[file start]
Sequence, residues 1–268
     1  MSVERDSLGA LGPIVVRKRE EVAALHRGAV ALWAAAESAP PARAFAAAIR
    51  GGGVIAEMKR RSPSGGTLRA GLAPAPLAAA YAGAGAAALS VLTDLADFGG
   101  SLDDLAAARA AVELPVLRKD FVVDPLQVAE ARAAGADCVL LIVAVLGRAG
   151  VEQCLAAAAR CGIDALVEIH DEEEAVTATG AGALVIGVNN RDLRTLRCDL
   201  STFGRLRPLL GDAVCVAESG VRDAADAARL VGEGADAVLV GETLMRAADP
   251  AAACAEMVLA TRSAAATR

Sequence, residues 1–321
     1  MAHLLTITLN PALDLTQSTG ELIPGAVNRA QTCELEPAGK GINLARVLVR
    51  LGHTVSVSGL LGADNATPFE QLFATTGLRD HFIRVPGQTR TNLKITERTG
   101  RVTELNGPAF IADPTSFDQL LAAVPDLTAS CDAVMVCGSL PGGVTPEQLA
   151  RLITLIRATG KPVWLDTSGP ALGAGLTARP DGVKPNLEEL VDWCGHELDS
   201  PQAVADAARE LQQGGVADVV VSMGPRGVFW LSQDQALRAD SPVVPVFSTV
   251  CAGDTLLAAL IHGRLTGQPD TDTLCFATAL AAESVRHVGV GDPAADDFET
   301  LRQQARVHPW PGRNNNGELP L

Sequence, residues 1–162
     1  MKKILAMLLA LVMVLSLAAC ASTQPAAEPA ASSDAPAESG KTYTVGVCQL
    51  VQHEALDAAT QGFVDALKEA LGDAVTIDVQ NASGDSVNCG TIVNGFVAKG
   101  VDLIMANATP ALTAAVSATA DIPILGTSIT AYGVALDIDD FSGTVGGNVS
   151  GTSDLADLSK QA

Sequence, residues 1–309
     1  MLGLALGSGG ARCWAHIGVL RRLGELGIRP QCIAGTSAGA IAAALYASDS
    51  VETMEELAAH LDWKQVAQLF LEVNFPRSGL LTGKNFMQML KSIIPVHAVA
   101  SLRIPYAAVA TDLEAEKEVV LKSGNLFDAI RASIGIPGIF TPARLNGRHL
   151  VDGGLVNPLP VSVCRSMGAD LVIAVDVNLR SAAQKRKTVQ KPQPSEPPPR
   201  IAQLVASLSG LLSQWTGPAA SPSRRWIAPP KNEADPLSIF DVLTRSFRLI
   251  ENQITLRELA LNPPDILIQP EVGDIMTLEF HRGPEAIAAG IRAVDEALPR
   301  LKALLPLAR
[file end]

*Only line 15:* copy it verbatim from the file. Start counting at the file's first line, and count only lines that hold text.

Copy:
   301  LRQQARVHPW PGRNNNGELP L